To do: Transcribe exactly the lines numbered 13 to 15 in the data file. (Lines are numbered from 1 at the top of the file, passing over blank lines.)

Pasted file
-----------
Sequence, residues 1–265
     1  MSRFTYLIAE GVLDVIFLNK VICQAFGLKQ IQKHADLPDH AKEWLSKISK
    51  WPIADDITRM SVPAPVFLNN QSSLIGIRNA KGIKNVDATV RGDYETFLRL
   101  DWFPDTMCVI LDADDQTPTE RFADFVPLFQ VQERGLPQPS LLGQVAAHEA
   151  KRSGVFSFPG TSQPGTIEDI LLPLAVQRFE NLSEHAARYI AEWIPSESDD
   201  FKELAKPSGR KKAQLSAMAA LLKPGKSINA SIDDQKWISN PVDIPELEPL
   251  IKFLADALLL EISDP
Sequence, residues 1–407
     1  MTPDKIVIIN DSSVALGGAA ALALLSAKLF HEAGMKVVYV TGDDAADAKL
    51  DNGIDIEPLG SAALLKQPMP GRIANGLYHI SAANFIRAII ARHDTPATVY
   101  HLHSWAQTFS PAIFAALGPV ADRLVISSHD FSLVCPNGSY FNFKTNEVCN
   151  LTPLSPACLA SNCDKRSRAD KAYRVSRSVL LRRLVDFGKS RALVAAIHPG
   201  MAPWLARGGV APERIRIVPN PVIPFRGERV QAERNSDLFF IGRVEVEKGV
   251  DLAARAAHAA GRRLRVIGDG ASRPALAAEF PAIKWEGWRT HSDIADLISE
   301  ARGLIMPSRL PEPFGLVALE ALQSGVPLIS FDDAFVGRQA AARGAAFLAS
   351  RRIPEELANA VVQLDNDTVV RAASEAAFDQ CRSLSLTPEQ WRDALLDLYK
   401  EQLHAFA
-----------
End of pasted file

   201  MAPWLARGGV APERIRIVPN PVIPFRGERV QAERNSDLFF IGRVEVEKGV
   251  DLAARAAHAA GRRLRVIGDG ASRPALAAEF PAIKWEGWRT HSDIADLISE
   301  ARGLIMPSRL PEPFGLVALE ALQSGVPLIS FDDAFVGRQA AARGAAFLAS